Just in case this story is getting attention because of yesterday’s news about Microsoft: if you read the comments on that blog post, one person showed up to say “Amazon wasn’t the first to use item-item collaborative filtering, right? I remember seeing this at Firefly in 1996.” Greg says that Firefly used a different collaborative algorithm, and the original commenter said “Firefly definitely had item-item similarities.”

    Personally, I see a big difference between trying different algorithmic ways to solve a problem vs. sending Google clicks directly to Microsoft, and Microsoft then using that data in their ranking.

  • http://www.michael-martinez.com/ Michael Martinez

    “Personally, I see a big difference between trying different algorithmic ways to solve a problem vs. sending Google clicks directly to Microsoft, and Microsoft then using that data in their ranking.”

    THOSE CLICKS DO NOT BELONG TO GOOGLE. They belong to the users who execute them, and those users are free to share those clicks with whomever they please.

  • http://www.kevin-pike.com Kevin Pike

    Surprised to see only two comments on this story – while Danny is getting beat up for his “BING cheats” story.

    @MattCutts Not sure I follow the “clicks thing”. Couldn’t BING just scrape Google results without clicks?

  • http://www.seroundtable.com/ Barry Schwartz

    Matt, I did not cover this story as a Bing vs Google follow up from yesterday. I just found it interesting that Google didn’t build this from the ground up and used a deviation of Amazon’s algo.

    Again, I don’t think I implied this had anything to do with Bing vs. Google.

    Sorry if you read it that way, but I understand why.

  • http://davelawlor.com Dave_Lawlor

    What I seem to see is Matt seems more concerned with PR than SPAM results lately, Perhaps he should change departments. Way to be proactive on SOMETHING Matt! But hey if I Google 100 terms and only 9 (lol yeah we know it would be way higher) of them return SPAM terms in top 5 I can claim Google has lost the battle against SPAM right? Because 10% is the bar that has been set by Matt and Big G for proving something absolute. Bonus points if more than 10% of those SPAM sites are being monetized with Google Adwords!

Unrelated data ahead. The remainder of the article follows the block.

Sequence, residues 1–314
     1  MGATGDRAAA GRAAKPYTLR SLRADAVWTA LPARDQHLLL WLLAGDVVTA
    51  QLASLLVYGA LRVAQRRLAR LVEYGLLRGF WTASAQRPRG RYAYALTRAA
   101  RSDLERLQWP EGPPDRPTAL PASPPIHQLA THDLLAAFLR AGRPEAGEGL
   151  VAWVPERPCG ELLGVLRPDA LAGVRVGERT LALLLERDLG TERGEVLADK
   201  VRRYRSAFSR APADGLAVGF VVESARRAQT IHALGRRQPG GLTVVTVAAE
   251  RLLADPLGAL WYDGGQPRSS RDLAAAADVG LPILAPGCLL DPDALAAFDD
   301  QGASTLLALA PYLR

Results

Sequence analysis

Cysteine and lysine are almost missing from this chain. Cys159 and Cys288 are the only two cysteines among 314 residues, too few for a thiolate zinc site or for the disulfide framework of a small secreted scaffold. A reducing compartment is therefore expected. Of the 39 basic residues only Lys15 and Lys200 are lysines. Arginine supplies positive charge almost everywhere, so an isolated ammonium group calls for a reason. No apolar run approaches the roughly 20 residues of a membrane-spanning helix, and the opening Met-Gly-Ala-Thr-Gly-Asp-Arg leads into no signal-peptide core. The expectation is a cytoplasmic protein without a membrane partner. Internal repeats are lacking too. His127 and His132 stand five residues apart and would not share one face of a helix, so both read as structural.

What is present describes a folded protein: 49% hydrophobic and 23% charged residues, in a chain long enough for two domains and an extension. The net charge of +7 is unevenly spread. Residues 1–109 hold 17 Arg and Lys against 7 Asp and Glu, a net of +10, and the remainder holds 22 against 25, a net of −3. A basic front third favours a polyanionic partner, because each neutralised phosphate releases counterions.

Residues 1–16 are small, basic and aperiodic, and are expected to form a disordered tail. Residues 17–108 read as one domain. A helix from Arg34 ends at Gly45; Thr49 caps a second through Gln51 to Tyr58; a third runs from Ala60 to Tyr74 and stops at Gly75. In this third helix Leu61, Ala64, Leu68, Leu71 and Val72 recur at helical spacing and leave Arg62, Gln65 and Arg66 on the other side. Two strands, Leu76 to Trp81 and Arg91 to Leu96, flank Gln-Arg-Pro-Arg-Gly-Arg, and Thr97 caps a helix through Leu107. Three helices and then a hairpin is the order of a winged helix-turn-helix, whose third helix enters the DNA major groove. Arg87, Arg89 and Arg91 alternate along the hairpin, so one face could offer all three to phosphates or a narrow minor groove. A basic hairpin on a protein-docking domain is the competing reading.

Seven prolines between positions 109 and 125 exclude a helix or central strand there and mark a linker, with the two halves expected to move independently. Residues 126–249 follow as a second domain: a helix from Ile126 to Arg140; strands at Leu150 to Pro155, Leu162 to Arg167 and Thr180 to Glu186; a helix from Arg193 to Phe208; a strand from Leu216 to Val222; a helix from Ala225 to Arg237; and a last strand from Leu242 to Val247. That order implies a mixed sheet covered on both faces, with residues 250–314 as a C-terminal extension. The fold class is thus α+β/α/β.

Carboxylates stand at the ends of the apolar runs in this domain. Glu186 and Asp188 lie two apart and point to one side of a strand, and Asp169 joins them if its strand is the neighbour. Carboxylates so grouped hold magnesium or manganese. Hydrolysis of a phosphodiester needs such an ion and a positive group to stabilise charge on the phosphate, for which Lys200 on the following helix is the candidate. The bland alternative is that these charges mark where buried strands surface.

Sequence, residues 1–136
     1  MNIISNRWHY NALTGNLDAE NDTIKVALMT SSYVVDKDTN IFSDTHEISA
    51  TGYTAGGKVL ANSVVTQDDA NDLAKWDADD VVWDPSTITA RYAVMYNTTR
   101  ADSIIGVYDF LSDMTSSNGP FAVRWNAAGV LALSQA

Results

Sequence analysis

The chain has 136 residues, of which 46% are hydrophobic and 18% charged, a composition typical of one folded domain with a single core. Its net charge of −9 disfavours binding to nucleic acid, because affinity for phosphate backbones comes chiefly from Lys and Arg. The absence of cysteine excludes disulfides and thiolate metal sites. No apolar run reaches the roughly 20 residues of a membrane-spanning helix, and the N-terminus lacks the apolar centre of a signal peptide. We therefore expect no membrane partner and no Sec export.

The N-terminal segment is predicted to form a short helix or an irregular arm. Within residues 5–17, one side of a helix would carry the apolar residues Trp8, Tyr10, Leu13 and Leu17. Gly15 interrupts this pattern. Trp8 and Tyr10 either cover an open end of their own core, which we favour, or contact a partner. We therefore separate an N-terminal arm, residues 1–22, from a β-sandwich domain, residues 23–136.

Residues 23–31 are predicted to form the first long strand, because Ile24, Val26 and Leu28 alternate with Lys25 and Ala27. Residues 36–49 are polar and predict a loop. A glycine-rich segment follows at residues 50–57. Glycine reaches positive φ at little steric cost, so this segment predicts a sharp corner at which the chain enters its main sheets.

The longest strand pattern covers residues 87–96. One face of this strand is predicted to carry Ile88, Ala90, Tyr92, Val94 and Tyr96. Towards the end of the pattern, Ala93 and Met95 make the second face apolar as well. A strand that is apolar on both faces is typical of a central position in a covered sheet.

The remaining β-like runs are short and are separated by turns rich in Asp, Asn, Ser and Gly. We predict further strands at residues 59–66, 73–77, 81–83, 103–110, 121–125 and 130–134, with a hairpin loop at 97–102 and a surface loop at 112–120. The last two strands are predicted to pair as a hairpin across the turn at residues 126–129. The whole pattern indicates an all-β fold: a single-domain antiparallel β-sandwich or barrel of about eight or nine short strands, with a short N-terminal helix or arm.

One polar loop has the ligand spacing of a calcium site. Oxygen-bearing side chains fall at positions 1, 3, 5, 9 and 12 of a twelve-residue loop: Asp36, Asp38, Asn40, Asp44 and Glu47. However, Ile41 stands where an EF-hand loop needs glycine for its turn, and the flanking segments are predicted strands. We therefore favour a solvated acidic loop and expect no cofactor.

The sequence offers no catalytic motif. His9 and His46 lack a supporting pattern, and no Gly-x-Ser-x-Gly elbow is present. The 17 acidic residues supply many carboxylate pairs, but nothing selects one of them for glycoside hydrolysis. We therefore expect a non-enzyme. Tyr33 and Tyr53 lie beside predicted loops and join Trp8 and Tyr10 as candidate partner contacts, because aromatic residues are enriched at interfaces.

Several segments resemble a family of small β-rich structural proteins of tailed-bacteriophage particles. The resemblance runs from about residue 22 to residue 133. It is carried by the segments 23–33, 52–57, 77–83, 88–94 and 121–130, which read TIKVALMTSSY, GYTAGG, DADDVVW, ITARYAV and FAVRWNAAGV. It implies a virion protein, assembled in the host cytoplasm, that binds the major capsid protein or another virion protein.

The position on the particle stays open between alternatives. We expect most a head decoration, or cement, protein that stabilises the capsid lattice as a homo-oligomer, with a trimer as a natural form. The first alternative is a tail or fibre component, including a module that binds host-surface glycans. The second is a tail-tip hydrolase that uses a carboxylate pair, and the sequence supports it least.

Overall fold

Worry about your results first Google before throwing stones at the competitors.

  • http://www.adrac.co.uk Adrac Ltd

    I agree with Matt on “sending Google clicks directly to Microsoft, and Microsoft then using that data in their ranking”.

    Microsoft have everyright to collect data from the users who use IE browser when the users browse websites directly by typing the URL.

    However, I do not understand why they would just blindly pick up search results from Google as part of their algorithm when ranking websites. The examples shown by Google is a true indication that the search results from Google have a high authority in Bing’s search results.

    Google itslef is currently having problems with their search quality and hope they’re working on it to produce much better search results. So why even bother looking at Google results and not work on improving their own search algorithm.

    Bing truely has some cool features which is well derserved; however the searh algorithm still needs improving to drive better results.

  • http://www.VerticalMeasures.com Arnie K

    I find this a bit interesting. My partners and I were awarded a patent for a recommendation platform that is based on item to item correlations. We were issued the patent in 2000. Long story behind it, but yes we still own it. http://personalizationpatent.com/